According to the reports, Facebook assisted in the evacuation of 175 Afghan residents when the Taliban gained control of the nation.
Some employees were also aboard the aircraft to Mexico City, according to the firm.
The Mexican government acknowledged that the airplane carried activists and independent journalists, as well as their families, which included 75 children.
Multinational corporations and organizations have withdrawn from Afghanistan.
“In the process of assisting Facebook employees and close partners leave Afghanistan, we joined an effort to help a group of journalists and their families who were in grave danger,” a Facebook spokesperson told.
“Thanks to the leadership of the Mexican government, and the support of the UAE in providing the initial landing, the journalists have been welcomed in Mexico,” the company added.
Due to the continuing security situation in Afghanistan, the business refuses to provide any more information.
Facebook added additional safety features for users concerned about their safety in Afghanistan two weeks ago, as the Taliban tightened their hold on power.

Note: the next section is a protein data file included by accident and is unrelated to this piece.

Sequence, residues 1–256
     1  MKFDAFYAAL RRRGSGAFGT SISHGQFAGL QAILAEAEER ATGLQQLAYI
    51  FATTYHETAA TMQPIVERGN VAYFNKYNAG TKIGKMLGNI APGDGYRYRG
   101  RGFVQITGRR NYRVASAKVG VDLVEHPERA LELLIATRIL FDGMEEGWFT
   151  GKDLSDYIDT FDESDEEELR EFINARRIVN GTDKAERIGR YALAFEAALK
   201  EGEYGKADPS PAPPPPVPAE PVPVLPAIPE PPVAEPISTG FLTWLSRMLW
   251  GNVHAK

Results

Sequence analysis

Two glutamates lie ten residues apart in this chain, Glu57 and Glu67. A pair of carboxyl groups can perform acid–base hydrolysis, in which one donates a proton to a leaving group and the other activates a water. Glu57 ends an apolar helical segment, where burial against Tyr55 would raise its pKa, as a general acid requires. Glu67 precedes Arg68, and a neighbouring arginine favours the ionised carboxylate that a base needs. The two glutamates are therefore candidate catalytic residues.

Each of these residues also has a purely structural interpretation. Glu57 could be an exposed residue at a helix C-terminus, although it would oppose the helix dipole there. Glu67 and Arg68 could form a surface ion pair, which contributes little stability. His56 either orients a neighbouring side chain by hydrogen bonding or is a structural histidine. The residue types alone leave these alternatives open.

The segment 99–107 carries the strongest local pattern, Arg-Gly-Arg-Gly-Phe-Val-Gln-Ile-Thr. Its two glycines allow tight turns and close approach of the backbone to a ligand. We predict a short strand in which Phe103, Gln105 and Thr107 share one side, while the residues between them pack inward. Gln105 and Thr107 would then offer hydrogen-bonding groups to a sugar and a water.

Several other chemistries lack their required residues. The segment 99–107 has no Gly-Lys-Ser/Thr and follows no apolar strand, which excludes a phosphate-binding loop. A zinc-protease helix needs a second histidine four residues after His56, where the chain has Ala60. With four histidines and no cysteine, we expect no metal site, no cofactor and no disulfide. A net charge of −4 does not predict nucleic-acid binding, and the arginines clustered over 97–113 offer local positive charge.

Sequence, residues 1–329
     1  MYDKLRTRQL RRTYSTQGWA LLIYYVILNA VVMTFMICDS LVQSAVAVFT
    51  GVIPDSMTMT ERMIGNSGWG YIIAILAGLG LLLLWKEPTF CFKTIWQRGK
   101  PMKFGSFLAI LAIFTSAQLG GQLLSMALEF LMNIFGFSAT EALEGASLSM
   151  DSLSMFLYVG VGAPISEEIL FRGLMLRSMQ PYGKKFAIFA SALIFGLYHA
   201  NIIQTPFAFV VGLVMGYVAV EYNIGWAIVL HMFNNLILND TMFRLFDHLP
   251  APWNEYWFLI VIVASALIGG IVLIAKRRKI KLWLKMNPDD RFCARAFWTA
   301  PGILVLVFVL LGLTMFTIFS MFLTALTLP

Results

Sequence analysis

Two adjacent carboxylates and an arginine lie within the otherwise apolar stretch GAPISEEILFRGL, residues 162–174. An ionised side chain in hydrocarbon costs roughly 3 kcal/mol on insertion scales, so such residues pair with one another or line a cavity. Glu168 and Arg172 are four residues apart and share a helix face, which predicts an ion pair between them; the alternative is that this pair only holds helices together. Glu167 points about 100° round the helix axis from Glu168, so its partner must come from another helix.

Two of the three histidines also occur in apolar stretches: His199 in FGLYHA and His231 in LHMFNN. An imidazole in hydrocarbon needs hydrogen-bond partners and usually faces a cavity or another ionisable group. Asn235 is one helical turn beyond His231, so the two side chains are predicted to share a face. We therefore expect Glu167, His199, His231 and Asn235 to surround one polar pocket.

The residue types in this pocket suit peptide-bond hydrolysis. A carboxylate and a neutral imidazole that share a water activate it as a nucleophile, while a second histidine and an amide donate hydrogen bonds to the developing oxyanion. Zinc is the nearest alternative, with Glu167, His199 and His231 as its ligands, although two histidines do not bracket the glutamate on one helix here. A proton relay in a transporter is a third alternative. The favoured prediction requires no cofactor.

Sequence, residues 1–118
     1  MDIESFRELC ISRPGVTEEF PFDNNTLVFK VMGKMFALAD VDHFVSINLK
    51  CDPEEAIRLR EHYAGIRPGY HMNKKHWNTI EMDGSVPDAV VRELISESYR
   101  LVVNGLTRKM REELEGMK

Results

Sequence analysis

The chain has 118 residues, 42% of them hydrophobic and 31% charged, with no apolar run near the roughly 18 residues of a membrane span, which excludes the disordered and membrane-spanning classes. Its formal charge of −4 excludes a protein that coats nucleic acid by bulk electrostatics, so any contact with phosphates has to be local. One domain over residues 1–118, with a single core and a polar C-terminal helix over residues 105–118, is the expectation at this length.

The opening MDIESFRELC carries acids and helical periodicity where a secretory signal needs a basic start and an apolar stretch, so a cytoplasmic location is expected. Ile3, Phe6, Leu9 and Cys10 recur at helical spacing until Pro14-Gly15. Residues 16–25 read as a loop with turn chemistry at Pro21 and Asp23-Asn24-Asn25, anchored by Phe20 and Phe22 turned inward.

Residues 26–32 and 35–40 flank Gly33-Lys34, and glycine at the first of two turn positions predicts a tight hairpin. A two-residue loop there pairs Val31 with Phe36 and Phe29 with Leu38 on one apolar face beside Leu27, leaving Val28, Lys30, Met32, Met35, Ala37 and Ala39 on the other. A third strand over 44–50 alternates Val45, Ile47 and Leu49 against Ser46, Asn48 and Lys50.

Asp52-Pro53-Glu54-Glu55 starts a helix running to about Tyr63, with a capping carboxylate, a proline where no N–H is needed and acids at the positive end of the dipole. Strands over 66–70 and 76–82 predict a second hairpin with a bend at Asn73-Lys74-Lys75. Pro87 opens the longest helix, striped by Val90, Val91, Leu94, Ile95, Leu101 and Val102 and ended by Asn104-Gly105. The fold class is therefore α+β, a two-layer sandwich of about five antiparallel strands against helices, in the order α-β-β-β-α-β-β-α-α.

Nathaniel Gleicher, Facebook’s head of security policy, announced the new measures.
“We’ve launched a one-click tool for people in Afghanistan to quickly lock down their account. When their profile is locked, people who aren’t their friends can’t download or share their profile photo or see posts on their timeline,” Mr. Gleicher said in a tweet.
The business also stated earlier this month that it will continue to block Taliban content from its platforms since the group is considered a terrorist organization by the corporation.
A Facebook spokesperson said, “The Taliban is sanctioned as a terrorist organization under US law and we have banned them from our services under our Dangerous Organisation policies. This means we remove accounts maintained by or on behalf of the Taliban and prohibit praise, support, and representation of them.”
The World Bank suspended project funding in Afghanistan last week, citing worries about how the Taliban’s takeover may damage “the country’s development prospects, particularly for women.”
The decision was made just days after the International Monetary Fund (IMF) halted disbursements to the country.